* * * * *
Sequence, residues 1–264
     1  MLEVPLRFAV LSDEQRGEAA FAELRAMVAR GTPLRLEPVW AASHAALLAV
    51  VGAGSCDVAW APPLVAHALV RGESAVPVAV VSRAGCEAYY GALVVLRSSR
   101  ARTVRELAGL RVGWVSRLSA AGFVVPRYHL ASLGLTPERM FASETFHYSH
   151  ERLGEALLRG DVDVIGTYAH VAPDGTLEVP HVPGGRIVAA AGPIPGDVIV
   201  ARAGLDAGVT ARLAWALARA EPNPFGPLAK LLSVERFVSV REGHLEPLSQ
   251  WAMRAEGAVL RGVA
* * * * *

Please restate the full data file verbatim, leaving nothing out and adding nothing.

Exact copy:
Sequence, residues 1–264
     1  MLEVPLRFAV LSDEQRGEAA FAELRAMVAR GTPLRLEPVW AASHAALLAV
    51  VGAGSCDVAW APPLVAHALV RGESAVPVAV VSRAGCEAYY GALVVLRSSR
   101  ARTVRELAGL RVGWVSRLSA AGFVVPRYHL ASLGLTPERM FASETFHYSH
   151  ERLGEALLRG DVDVIGTYAH VAPDGTLEVP HVPGGRIVAA AGPIPGDVIV
   201  ARAGLDAGVT ARLAWALARA EPNPFGPLAK LLSVERFVSV REGHLEPLSQ
   251  WAMRAEGAVL RGVA